Parity ads sans boredom and wankery

So anyway, as I was saying when restrictions on space and attention span interrupted us...

So anyway, as I was saying when restrictions on space and attention span interrupted us…

I took a reel of classic commercials with me to Hong Kong. I talked about positioning, and showed Volkswagen making Detroit look big and clunky, Volvo cornering the market on safety, and Pepsi out-youthing Coke. I talked about demos, notably a remarkable Union Carbide spot in which they boiled a birdie while remaining true to the guidelines of the World Wildlife Fund. Then I showed and talked some more.

I titled one section, ‘PARITY PRODUCTS,’ because that’s what we deal with 95% of the time, and that’s what’s responsible for so much awful advertising. Creative teams either choke and do boring, client-dictated stuff; or they forget about the product entirely and do a joke or an artsy wank that has nothing to do with selling anything. But there are exceptions.

Exception One on my reel was a Sony Trinitron spot, centring on reliability. Now it happens that reliability (or dependability, if you prefer) is the third most hackneyed claim in the world, after quality and value. Nobody has ever made it memorable except for the Maytag Repairman, and he took 20 years. Sony did.

They locked down the camera (as did the creators of the Union Carbide spot. It’s amazing how simple you can be when you have an idea.) They showed nothing but a living-room couch, facing the viewer, and a Sony TV, its backside to camera. And then they intercut the life of a human being on the couch.

An infant became a boy, a boy became a man, a man was joined by a woman (with some active couch hanky-panky), a new generation of children arrived, the boy-man aged, deteriorated, disappeared. I have no way of explaining the true impact of the spot, because I’m limited to words here and the commercial was brilliantly visual. But trust me. It was riveting, and it said loud and clear, ‘This TV will last a lifetime.’

Another parity-product classic was for Southern Airways. It was a 30-year-old gem which Barry Base cited just a column or two ago. Southern actually started off with a product disadvantage. They were a U.S. regional carrier, with little-bitty planes that didn’t have room for a first-class section. So they turned that on its ear and gave us their vision of a competitor’s two-class plane.

Joe Customer boards the plane. He walks into the first-class section, filled with bodacious stewardesses (you could say that word then), overflowing champagne, and already-reveling flyers. It is one of hell of a party, and he’s delighted. But then someone taps him on the shoulder, and points out that his seat is beyond the curtain. He reluctantly accepts, and enters coach class, which resembles war-torn Bosnia-Herzegovina. The earth’s dregs sit on the floor drinking from tin cups, and the vaguely Russian music comes from a man spinning a record with his finger.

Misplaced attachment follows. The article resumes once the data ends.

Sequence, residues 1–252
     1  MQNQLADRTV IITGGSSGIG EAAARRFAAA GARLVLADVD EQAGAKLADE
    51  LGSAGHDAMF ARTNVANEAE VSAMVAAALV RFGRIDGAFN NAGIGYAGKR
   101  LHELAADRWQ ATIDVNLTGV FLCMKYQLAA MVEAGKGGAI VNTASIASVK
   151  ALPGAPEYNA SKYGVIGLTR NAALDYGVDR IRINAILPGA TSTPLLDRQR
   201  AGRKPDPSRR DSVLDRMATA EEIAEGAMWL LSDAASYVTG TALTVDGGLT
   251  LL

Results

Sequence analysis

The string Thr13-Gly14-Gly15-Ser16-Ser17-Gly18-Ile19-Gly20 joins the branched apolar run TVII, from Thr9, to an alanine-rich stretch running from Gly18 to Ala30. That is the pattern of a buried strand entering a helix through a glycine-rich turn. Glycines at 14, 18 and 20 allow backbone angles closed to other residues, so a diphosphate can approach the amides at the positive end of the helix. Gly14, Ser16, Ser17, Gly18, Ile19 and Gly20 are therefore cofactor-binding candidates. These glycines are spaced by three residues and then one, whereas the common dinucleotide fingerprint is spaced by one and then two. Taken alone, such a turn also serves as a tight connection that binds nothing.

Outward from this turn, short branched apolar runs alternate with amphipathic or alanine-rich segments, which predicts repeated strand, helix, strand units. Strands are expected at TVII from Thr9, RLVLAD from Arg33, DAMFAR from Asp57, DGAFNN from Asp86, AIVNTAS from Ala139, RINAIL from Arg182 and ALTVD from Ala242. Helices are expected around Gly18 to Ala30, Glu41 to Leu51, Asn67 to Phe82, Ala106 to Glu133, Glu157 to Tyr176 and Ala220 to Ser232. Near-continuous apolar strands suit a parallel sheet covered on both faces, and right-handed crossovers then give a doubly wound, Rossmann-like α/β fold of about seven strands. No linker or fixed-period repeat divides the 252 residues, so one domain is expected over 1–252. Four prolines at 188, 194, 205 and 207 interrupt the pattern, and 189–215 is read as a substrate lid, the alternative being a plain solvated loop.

It is funny, 30-year memorable, and says clearly that Southern won’t treat you second-class. It’s a classic.

My third parity product featured a man talking about his own company. Perdue Chicken’s agency put their client on camera, not because he threatened to fire them if they didn’t, but as the centerpiece of a wonderful and powerful concept. Frank Perdue personified the theme line, ‘It Takes a Tough Man to Make a Tender Chicken.’

Frank Perdue simply talked to his audience, in words crafted by an outstanding copywriter and delivered in an absolutely believable fashion. He came off as a very prickly individual (the ‘ly’ is optional), but he left no doubt that he was obsessed with excellence.

In the spot on my Hong Kong reel, he compares his quality standards to those of the federal inspectors, and he, of course, is tougher. He ends the short spot saying the very ordinary words, ‘If you’re not completely satisfied, write me, and I’ll give you your money back.’ But then he makes the message strong, funny, and memorable, by adding with a sneer, ‘Who do you write in Washington? What do they know about chickens?!’

A television set. A small regional airline. A chicken leg in a meat display. No-difference products, every one. How on God’s green earth do you make those interesting? They did. Believe me, they did.

John Burghardt’s checkered resume includes the presidency of a national agency, several films for the Shah’s government in Iran, collaboration with Jim Henson to create the Cookie Monster, and a Cannes Gold Lion. The letterhead of his thriving business now reads ‘STRATEGIC PLANNING * CREATIVE THINKING.’ He can be reached by phone at (416) 693-5072 or by e-mail at